Maryam Pasha  2:50  
Okay, well, we'll Okay, so thank you for that. Let me then dive into, like, let's start what's choiceless? So

Simon Bucknall  2:57  
Toastmasters is nothing to do with big men and red jackets at weddings. That's the guild of Toastmasters. I think many people especially in the UK think, Oh, isn't it people who are just doing toasts at weddings

Maryam Pasha  3:05  
are they're like perfect people who go around and read jackets giving tours to winning a guild guild, a

Simon Bucknall  3:09  
Toastmasters? They're absolutely Ah, yes. Which is completely that's a whole different and well beyond, out of scope in terms of my expertise. Toastmasters International is, is a voluntary organisation. It's a global network of public speaking clubs. And the purpose of the organisation is to support it originally started, I think, in California in the 1920s, and young, in YMCA and working men's clubs, to help provide people who might not otherwise have gained the skills of speaking in public greater confidence and impact and so on. And it's and it's cascaded all over the world, over the last century, 100 years, so yeah, it's so huge. There's 1000s and 1000s of clubs all over the world and the growth in the especially in recent years, I joined in January 2004. Okay, and at that time, in London, for example, which were homeless. There were I'm gonna guess maybe 20 clubs, 25 clubs, that does Now there must be now well over 100 and it's grown hugely across Europe. It's grown massively. And the growth in Asia has been enormous, particularly for people looking to develop their skills and Business English and so on. So it's really grown as a as an organisation. So I joined in January 2004 Is my gym membership. For for speaking really, because I had a nightmare experience. In my first job. I thought, I've got to improve there must be a way and I came across Toastmasters and I joined a club for my own personal development, and discovered early on that this competition existed. I just knew it as the International speech contest. All I knew was that there was this club contest coming up and I remember going and seeing I went to the club contest as an audience member, it would have been probably be held in March April 2004. Maybe when I watched the the first speaker came on and spoke without notes was inspiring if it Wow, that's amazing for the winds, but without notes. Wow, that's brilliant. And the next speaker came up and spoke without notes. And they were also very, very good. I thought, wow, that person is going to my astonishment, every speaker was not only inspiring But speaking without notes, really to an audience it was, it blew my mind. So I took an interest. And I thought, Well, I wasn't even eligible to compete. But But that first year, I thought, well, I'll go and have a look at round two. This is quite interesting. I've never, you know. Wow. So I went along to Limerick. First time I've been to Ireland, very exciting arrived, yellow b&b down the road from the hotel went into the contest saw the contest. And it really was astonishing. It was it was one of those moments which just, it was, it was actually a real, in a sense, life changing moment. So if we're speaking point of view, because I sat there in the audience and watched eight speakers, each speaking for seven minutes on a topic of their choice. No, there wasn't a celebrity insights, there wasn't some kind of extraordinary CV insight, it was just eight people sharing experiences, telling stories, making points, based on their experienced with the intention of inspiring in some way a general audience will be it, we all had an interest in public speaking. And I thought, wow, I had no idea that it was possible to speak with that level of skill and impact from stage I thought that it was the domain of people who had scaled Everest without breathing or had been the first you know, human to visit Saturn or something you want. I mean, there'll been a prime minister or run a business with a gazillion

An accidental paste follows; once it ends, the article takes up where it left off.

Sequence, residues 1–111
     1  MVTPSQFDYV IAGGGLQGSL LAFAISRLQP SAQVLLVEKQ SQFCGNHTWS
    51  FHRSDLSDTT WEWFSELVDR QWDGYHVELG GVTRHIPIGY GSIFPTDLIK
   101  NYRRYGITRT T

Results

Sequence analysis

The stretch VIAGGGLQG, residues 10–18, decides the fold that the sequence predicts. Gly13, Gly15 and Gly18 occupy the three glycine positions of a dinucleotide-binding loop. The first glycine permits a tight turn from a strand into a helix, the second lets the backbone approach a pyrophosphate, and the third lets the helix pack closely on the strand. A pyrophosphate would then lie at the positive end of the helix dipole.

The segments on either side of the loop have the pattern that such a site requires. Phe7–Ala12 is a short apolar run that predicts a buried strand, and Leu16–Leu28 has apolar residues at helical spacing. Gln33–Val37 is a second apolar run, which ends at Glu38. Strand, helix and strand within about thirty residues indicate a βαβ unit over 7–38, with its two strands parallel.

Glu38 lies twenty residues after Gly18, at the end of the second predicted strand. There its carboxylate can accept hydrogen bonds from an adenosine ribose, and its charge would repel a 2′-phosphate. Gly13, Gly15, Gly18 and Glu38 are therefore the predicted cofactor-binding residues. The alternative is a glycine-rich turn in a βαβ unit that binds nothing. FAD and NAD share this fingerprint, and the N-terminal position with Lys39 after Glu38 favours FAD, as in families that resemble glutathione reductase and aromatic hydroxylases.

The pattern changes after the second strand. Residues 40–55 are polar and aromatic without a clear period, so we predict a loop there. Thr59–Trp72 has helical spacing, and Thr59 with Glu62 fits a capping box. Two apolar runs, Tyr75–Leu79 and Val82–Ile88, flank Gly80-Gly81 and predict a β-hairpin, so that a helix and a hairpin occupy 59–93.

Maryam Pasha  6:18  
people 1.001% of people who've done something

Simon Bucknall  6:21